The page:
[OpenID] why is xri so obtuse?

Kaliya * Kaliya at mac.com
Mon Jan 1 22:23:58 UTC 2007

One of the things I am working on this week writing up some community

What does free mean? In the context of open standards this is a valid
question.   Originally the IP that is in XRI was all tied up and owned by a
company.  It was working on bringing it to market....at a meeting attended
by internet notables about it....basically they said this is great but it
will NEVER work if you own the IP no one will adopt it.

So the company did the right thing and turned over all the IP to a nonprofit
to be held for the public good - XDI.ORG (it was originally XNSORG).

It was clear that a name space was a critical element of this technology -
- this would have to be run by someone.  This is what this company does
now...It runs a global registry for the namespace.  People are not howling
wildly that OpenID is based on domain names that you must pay a yearly fee
for.  Both are world wide infrastructure that needs to work otherwise the
web doesn't work. Money needs to come from somewhere to pay for it and
registration of names is one place to do that.   (Yes I have heard from my
anarchist geek friends about how in theory it would be possible to do
addressing in ways without a central root).

The XRI/XDI community is small but vibrant and working really hard to
develop open source code that folks can use to do all sorts of stuff.   It
has a range of folks participating in it including domain registrars from
around the world, Boeing, Higgins project, small starups.  The community
that founded the first Identity Commons had extensive connection to the
i-names technology because at the time...3-4 years ago it was the only
user-centric game in town.

In terms of the including of XRI's in OpenID. .. I already said it before in
this thread there was 3 different valid approaches for distributed
user-centric identity that were all going to go to market and
compete...imagine if there was 3 different login boxes that were
proliferating....you all wouldn't be here adopting the one thing that
everyone worked hard on for a year to get convergence (The 4th approach even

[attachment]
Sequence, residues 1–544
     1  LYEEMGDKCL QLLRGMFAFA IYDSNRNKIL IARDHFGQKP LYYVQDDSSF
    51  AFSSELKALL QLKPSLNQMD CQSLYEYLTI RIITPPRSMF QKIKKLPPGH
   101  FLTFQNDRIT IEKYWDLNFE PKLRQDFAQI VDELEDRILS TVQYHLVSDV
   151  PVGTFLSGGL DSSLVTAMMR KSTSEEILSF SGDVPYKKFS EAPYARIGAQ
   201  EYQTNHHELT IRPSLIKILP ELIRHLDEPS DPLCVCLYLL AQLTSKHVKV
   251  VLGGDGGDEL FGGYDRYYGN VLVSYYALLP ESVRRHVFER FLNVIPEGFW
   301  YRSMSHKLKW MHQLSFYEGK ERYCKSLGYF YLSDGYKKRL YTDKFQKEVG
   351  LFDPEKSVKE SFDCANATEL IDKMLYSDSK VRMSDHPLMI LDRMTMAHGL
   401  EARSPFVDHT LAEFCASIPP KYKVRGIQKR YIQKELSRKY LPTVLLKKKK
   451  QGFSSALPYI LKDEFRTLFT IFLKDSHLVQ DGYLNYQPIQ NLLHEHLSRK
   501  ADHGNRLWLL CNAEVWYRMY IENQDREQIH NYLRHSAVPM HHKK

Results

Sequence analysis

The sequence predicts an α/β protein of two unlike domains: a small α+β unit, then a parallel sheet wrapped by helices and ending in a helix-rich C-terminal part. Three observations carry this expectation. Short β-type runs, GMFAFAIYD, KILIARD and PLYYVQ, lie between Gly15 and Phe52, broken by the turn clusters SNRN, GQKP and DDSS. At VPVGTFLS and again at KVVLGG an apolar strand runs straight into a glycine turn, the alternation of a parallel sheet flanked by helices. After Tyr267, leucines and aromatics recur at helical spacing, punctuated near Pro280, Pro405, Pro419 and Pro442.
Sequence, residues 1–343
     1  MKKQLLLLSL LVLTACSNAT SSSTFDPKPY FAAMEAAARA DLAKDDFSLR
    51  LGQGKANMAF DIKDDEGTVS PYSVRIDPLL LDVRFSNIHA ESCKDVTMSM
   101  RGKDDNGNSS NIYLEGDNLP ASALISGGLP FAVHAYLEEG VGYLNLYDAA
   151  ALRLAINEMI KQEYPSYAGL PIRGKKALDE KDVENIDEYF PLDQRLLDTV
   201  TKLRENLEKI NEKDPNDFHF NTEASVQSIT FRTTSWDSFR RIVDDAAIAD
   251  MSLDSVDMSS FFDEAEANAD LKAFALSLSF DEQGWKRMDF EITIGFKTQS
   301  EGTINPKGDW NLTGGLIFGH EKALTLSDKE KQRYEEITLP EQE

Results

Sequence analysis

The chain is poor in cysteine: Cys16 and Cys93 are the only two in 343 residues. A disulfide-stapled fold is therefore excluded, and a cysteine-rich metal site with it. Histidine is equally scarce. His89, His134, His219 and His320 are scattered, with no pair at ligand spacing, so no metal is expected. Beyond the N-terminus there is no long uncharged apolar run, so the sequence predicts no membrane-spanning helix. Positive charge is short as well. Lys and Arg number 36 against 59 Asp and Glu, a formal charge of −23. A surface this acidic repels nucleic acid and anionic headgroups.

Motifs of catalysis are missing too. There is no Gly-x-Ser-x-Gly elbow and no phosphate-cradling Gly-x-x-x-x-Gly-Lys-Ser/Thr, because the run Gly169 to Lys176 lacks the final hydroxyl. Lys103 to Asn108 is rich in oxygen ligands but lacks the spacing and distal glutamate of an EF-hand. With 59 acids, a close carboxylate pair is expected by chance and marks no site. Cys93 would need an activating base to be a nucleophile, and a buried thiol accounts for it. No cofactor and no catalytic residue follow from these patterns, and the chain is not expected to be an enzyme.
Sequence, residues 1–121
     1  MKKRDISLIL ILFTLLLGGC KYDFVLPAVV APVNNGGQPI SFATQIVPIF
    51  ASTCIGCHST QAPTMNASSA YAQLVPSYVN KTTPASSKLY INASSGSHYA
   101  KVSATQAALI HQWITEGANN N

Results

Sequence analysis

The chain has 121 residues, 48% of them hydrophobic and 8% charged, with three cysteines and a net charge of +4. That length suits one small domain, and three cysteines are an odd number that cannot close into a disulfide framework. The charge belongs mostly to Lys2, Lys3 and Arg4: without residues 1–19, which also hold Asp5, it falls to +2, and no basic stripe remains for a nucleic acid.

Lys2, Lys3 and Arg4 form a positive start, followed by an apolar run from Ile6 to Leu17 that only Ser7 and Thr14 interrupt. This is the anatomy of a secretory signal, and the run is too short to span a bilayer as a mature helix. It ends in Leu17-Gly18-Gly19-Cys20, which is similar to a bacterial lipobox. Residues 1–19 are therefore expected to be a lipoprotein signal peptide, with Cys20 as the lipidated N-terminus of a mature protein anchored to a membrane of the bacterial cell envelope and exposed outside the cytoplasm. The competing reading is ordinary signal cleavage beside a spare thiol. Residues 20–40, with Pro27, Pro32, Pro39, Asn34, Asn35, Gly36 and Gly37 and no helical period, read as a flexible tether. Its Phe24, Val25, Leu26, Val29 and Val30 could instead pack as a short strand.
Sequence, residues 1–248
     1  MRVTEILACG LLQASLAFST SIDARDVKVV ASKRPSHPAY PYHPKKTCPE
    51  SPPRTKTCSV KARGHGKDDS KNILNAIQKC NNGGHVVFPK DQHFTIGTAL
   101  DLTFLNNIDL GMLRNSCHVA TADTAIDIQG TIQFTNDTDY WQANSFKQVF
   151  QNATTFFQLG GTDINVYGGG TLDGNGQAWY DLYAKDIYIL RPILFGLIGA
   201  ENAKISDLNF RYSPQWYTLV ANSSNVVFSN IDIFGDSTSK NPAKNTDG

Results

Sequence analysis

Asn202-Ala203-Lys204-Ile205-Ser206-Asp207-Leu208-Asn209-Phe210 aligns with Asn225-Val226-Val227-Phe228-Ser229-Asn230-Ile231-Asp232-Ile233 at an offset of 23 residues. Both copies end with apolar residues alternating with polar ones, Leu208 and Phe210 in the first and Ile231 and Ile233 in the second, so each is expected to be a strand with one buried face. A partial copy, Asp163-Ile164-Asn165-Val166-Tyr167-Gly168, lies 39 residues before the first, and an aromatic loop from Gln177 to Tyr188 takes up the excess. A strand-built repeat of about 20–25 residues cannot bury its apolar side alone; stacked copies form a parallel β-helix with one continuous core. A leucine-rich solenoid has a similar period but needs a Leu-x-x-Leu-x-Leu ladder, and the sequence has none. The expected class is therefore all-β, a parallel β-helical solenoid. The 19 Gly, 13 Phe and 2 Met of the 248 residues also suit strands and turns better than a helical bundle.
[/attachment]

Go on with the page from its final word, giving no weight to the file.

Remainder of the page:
joined our efforts in the summer).    There is momentum behind what is now
branded OpenID2 because all these different efforts collaborated.

We had a period where we considered a different like Yaids or a name to be
determined...it was decided that we not move away from the most
unrecognizable brand but update it to a version 2.

I am happy to answer any more questions about how we got here or why things
are the way they are. I have been working in this little niche for almost
three years full time.  Some folks like Drummond have been working on
brining about this sort of technology for 15 years.   There are 'really
simple' easy ways to do things - how OpenID started out. There are ways to
deal with more complex use-cases and business needs too.  Having a balance
and supporting things working together is what this is about.

Just so it is not a surprise the OpenID folks are talking to the SAML folks
about how those two standards can work well together.

On 1/1/07, Dmitry Shechtman <damnian at gmail.com> wrote:
> I just realized that I missed a spot. The "kind suggestion" refers to a
> part
> from Victor's response he had chosen to omit for some reason:
> > I'd be willing to test your application with my i-name when you're
> ready,
> if that helps.
> _______________________________________________
> general mailing list
> general at openid.net
> http://openid.net/mailman/listinfo/general
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